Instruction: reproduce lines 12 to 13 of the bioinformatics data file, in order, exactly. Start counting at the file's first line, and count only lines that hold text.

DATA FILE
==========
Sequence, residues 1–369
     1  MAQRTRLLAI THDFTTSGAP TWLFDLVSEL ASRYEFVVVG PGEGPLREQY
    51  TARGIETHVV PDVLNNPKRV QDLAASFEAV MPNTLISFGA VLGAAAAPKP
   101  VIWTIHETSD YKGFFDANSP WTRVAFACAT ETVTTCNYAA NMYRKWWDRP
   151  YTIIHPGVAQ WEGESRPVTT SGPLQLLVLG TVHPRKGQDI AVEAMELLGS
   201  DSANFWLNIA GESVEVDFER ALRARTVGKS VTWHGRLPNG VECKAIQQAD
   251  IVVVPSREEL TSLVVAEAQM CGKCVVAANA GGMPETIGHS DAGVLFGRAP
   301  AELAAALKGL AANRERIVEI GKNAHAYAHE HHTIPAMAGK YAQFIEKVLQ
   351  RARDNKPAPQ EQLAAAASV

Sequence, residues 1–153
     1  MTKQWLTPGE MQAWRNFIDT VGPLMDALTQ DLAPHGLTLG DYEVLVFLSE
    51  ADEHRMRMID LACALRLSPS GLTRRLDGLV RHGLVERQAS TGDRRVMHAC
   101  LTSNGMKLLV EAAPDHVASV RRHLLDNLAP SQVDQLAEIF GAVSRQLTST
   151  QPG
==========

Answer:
    51  ADEHRMRMID LACALRLSPS GLTRRLDGLV RHGLVERQAS TGDRRVMHAC
   101  LTSNGMKLLV EAAPDHVASV RRHLLDNLAP SQVDQLAEIF GAVSRQLTST